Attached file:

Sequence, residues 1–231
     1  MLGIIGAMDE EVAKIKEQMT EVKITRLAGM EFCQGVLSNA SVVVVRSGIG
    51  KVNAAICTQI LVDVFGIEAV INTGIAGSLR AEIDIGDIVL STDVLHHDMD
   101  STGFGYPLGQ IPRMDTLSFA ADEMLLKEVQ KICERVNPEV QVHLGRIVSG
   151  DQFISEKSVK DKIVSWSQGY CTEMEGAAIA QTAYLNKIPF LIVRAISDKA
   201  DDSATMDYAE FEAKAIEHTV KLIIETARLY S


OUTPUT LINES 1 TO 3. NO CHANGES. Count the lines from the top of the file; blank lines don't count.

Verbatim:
Sequence, residues 1–231
     1  MLGIIGAMDE EVAKIKEQMT EVKITRLAGM EFCQGVLSNA SVVVVRSGIG
    51  KVNAAICTQI LVDVFGIEAV INTGIAGSLR AEIDIGDIVL STDVLHHDMD